When Nora Ephron came to the 1989 Vancouver press junket for When Harry Met Sally, she did something memorable: She shook hands with each of the journalists, gave us her toothy smile, and asked for our names and publications.
In a world where people are divided between “talent” and “press,” it felt flattering to be individualized, a salutation from one of the tribe who had crossed over to the other side. Though she had already been nominated for an Academy Award as co-screenwriter 1983’s Silkwood, most of us still thought of her as a journalist who had found a nice sideline. Silkwood, based on a true story, was dramatized journalism. Her 1986 film Heartburn, based on her breakup with Carl Bernstein, was dramatized first-person journalism.
As a screenwriter, she was then just another subordinate in the movie-making system. As a journalist, she was a superstar, whose acerbic influential style appeared in Esquire, New York and countless other publications.
Then came When Harry Met Sally. The film was promoted not as a romcom but a buddy movie – Rob Reiner and Billy Crystal were the models for the leads, with Meg Ryan a female stand-in, and at the press conference Ephron deferred to her male collaborators.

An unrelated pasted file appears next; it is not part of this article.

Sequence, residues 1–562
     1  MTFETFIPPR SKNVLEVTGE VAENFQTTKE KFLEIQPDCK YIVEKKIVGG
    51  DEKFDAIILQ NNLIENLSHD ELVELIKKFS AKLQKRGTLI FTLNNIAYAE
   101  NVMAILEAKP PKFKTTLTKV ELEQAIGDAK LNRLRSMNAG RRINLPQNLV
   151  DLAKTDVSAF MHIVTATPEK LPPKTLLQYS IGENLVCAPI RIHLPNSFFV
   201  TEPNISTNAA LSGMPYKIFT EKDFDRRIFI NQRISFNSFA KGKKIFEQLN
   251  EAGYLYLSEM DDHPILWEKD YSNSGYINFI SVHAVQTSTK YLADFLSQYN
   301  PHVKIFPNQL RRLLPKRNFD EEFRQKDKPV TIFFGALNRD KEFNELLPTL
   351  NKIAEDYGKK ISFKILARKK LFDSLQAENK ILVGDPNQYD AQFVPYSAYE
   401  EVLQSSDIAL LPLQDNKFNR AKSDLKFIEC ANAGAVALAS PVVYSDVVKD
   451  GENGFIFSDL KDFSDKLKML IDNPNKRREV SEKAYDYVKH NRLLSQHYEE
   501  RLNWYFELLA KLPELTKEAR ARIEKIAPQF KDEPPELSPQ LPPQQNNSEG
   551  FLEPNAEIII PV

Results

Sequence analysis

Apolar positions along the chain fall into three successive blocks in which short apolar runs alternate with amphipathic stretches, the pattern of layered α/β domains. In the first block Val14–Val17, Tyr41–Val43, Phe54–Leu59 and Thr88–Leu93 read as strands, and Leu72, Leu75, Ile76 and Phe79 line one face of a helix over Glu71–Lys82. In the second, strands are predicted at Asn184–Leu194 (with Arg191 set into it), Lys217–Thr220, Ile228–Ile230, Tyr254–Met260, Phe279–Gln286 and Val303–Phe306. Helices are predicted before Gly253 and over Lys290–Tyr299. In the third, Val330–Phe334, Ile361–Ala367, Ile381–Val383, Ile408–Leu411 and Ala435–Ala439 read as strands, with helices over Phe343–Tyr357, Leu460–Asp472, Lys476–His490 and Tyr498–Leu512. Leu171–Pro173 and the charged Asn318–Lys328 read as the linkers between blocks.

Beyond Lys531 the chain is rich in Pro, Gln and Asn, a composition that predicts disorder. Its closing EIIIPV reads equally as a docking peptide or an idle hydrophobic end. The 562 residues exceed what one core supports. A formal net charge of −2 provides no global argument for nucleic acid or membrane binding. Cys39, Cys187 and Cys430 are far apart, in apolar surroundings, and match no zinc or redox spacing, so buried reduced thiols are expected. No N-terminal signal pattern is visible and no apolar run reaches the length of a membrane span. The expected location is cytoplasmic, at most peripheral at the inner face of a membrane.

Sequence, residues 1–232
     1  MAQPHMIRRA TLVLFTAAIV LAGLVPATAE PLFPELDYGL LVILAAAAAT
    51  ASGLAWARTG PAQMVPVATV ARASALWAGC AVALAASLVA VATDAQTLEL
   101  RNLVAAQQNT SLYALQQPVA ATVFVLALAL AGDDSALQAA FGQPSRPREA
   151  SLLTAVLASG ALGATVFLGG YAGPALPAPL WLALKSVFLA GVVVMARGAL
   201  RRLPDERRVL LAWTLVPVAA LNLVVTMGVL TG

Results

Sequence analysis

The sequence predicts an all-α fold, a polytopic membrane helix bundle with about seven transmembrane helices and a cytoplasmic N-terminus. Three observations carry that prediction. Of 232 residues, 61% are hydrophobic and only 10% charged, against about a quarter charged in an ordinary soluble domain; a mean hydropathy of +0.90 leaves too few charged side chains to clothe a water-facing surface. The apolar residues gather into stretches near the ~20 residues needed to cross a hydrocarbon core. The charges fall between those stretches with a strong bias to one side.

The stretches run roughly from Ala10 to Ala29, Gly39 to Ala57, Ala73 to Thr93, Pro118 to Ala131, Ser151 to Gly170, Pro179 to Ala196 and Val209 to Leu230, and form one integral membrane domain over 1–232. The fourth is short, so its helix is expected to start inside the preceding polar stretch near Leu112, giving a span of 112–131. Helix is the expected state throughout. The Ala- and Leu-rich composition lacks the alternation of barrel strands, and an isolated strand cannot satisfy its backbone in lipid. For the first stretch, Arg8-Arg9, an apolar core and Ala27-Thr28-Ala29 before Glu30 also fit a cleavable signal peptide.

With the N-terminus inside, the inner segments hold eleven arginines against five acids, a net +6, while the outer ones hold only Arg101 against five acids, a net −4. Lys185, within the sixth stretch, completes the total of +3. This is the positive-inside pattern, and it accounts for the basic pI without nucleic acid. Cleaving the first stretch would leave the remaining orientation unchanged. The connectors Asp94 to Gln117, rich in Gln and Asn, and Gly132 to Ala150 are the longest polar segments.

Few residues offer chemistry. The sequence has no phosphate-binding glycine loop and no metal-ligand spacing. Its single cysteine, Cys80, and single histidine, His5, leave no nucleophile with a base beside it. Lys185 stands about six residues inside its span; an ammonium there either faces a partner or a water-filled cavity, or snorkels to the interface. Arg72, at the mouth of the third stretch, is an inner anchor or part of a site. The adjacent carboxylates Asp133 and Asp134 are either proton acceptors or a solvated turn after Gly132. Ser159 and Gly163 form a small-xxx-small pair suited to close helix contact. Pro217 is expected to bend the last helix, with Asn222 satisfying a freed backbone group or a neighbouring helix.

Of course, what we most remember now is Meg Ryan’s fake orgasm scene, which was definitely Ephron’s idea.
And Ephron went on to establish the post-Woody Allen template for romantic comedy, invariably a tale about two lonely, deserving people who love old movies and who are lucky enough to find each other.
As she told the Los Angeles Times: “It struck me that the movies had spent more than half a century saying, ‘They lived happily ever after’ and the following quarter century warning that they’ll be lucky to make it through the weekend. Possibly now we are entering a third era, in which the movies will be sounding a note of cautious optimism: You know, it just might work.”